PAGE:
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Mitt Romney, Commander of the Fake Internationalists

January 10, 2019 in Economics

By Doug Bandow

Doug Bandow

No surprise: Senator Mitt Romney does not like President Donald
Trump, as he recently explained in The Washington
Post
. But what, one wonders, was the former GOP presidential
candidate thinking two years ago when he supped with the man he now
claims to deplore while seeking an appointment as secretary of
state?

Much of Romney’s complaint is over manners. Yes, the
president is a boor. Most people, including many of Trump’s
supporters, recognize that. Trump won not because of his etiquette
but because of what he stood for—and against.

Romney also defended The Blob, Washington’s bipartisan
foreign policy establishment. In his article attacking the
president, he offered the usual vacuous bromides that characterize
the interventionist consensus, which poses as internationalism but
with plenty of bombing raids, illegal occupations, and
nation-building. Most importantly, this perspective presumes
permanent American domination, irrespective of cost.

The newly-inaugurated
Senator has been promoted to standard-bearer for the bipartisan War
Party, filling in for John McCain.

Romney wrote: “America has long been looked to for
leadership. Our economic and military strength was part of that, of
course, but our enduring commitment to principled conduct in
foreign relations, and to the rights of all people to freedom and
equal justice, was even more esteemed.” Indeed, “The
world needs American leadership, and it is in America’s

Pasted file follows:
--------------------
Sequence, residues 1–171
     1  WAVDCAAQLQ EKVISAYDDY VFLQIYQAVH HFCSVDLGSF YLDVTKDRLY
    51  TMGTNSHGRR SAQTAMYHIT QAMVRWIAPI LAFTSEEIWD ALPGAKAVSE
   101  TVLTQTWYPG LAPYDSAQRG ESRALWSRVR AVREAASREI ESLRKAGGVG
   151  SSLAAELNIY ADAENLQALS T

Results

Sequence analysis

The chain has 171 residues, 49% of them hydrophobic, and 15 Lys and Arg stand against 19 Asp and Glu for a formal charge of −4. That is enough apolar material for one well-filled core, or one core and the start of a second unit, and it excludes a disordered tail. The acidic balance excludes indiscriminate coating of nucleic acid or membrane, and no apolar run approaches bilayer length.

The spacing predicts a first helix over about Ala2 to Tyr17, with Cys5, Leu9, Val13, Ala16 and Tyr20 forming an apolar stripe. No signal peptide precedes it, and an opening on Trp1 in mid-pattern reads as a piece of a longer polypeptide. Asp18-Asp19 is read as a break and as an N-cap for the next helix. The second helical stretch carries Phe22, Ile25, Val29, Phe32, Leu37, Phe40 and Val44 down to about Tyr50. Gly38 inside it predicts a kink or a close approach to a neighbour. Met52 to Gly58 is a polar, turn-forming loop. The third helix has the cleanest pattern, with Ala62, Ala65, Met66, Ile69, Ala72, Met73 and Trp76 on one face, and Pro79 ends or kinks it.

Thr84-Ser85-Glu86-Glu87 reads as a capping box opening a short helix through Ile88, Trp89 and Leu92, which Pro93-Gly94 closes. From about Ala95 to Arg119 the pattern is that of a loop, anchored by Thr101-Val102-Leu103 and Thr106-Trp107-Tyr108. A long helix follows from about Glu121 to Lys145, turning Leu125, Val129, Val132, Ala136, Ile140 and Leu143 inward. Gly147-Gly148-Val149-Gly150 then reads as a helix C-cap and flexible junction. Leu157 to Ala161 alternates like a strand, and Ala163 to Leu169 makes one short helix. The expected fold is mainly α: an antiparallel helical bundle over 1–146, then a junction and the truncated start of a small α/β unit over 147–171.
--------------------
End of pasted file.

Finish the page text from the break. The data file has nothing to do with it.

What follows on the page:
interest to provide it. A world led by authoritarian regimes is a
world—and an America—with less prosperity, less
freedom, less peace.”

In fact, Romney appears more committed to dependence on allies
than American leadership. For him, these are two sides of the same
coin. The only alternative he sees to Washington in control is the
bad guys leading.

Related is Romney’s apparent belief that foreign policy is
fixed, irrespective of circumstance: the very same U.S.-dominated
alliances created in 1950 are needed today. Although
America’s friends have raced ahead economically, politically,
even militarily, Washington must forever treat them as helpless
derelicts. For instance, Russia, a weakened declining power, faces
the U.S. and Europe—which together have more than 20 times
its GDP. Yet Romney sees Moscow as the greatest threat facing
America. It is 1945 all over again.

Romney’s most important omission is Iraq. After the war
there turned bad, he remained silent about his support for it. The
Iraq disaster is an important reason why Trump won and other
Republicans, including Romney, lost. In 2008, Americans rejected
John McCain, the very symbol of promiscuous war-making. Four years
later, Romney criticized President Barack Obama for leaving Iraq
too soon, by which the Republican nominee probably meant leaving at
any time. In saying he would keep more troops in Iraq, he ignored
the fact that the Iraqis had refused to negotiate …read more

Source: OP-EDS

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